Toronto Mandolin Orchestra

TMO at Harbourfrt

The Toronto Mandolin Orchestra is the premier mandolin orchestra in North America.” 
– Charley Rappaport, mandolinist and mandolin historian, Erie, PA.

Founded in 1956, the Toronto Mandolin Orchestra is one of Canada’s oldest community performing groups. The orchestra’s illustrious history includes performances in such prestigious venues as Massey Hall, Ontario Place Forum, Hamilton Place, and National Arts Centre, concert tours across Canada, two separate tours of Ukraine, as well as commissions of new Canadian compositions, and milestone collaborations with world-class artists. Though founded in the Ukrainian-Canadian community, the group’s membership (Ukrainian, Russian, Jewish, Italian, Yugoslavian, Macedonian, Hungarian, Dutch, English, Peruvian and more) is as ethnically diverse as its repertoire which spans classical, folk, popular and Canadian music.

The TMO’s unique instrumentation sets it apart from all other orchestras. Featuring the mandolin family of instruments in place of violins (first and second mandolin, mandola, tenor mandolin, mandocello, mandobass), augmented by a five piece wind section and complete percussion section, the orchestra combines the intimacy of a chamber ensemble with all the power of a symphony, appealing as much to lovers of classical and baroque music as to fans of folk and world music.

In 2001 the TMO hosted “Mandolins of the World,” the Annual Convention of the Classical Mandolin Society of America (CMSA). Highlighting the multicultural nature of both Toronto and the mandolin itself, the convention presented five amazing days of workshops and concerts featuring a vast range of mandolin music from around the world. The success of this event sparked new ventures for the TMO, including the initiation of a concert series known as “Mandolins of the World” performed in Hamilton Place, Showplace Peterborough and Toronto.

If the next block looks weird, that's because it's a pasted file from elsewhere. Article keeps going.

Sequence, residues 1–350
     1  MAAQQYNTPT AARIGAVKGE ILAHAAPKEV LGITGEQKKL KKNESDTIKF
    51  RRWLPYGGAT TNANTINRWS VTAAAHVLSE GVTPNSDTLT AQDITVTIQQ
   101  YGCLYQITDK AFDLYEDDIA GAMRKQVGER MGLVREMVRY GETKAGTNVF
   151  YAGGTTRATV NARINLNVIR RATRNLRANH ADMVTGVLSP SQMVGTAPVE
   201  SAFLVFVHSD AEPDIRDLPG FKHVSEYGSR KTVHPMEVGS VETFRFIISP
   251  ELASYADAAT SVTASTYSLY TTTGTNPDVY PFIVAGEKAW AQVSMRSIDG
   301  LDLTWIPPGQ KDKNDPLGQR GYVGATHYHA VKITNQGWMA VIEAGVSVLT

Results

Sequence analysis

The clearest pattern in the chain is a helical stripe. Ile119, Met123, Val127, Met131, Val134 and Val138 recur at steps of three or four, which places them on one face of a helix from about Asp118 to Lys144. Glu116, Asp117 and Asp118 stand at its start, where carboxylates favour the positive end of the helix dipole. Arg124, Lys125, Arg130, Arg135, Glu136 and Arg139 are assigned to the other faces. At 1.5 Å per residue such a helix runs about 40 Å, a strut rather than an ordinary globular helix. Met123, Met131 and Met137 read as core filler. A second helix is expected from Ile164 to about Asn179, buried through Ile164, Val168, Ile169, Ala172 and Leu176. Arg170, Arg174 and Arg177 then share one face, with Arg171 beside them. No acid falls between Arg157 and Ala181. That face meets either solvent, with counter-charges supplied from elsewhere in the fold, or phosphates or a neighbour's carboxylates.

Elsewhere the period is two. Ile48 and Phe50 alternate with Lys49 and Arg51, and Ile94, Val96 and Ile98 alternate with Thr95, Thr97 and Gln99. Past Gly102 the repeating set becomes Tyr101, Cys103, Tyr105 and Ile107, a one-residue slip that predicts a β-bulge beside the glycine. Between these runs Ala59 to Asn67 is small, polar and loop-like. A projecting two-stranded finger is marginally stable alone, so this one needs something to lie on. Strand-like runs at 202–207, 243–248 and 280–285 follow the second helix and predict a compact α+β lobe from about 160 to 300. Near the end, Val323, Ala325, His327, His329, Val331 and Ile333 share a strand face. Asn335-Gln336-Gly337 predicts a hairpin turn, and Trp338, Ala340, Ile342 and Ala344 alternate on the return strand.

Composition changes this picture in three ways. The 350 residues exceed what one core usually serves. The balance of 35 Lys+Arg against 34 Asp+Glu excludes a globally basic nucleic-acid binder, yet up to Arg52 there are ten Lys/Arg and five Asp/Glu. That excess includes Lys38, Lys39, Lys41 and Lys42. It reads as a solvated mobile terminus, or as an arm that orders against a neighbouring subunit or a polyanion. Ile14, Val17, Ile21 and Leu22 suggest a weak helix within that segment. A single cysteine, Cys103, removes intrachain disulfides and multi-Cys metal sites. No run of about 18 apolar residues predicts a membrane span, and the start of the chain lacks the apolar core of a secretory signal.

The Toronto Mandolin Orchestra proudly celebrated its 50th anniversary in 2006. From as early as 1921 string orchestras, combining mandolins and violins, existed in the Toronto Association of United Ukrainian Canadians (AUUC) where the TMO finds its roots. But in 1956 Eugene Dolny, then conductor of the orchestra, revived the exclusive use of mandolins in the string section in order to preserve and perpetuate the tradition of mandolin orchestral music in Canada. At that time the orchestra took the name Toronto Mandolin Orchestra.

In celebrating its 50 years, the TMO also celebrated the historical significance of mandolin schools and orchestras in many different communities throughout Canada and North America. Such schools, and subsequently orchestras, were established in the early 1920s in the Jewish, Macedonian, Russian, Finnish, Greek, German and other ethnic groups, including university fraternities. Many musicians in the Toronto Mandolin Orchestra today have their roots in those early mandolin schools of the different ethnic groups.

What made the mandolin so popular and widespread? The best authorities agree that the Neapolitan mandolin, developed in Italy, originated from the family of plectrum instruments in various parts of Asia. The mandolin was played as a concert instrument with music written for it by such composers as Vivaldi, Mozart, Beethoven and later Mahler, Prokofiev and others.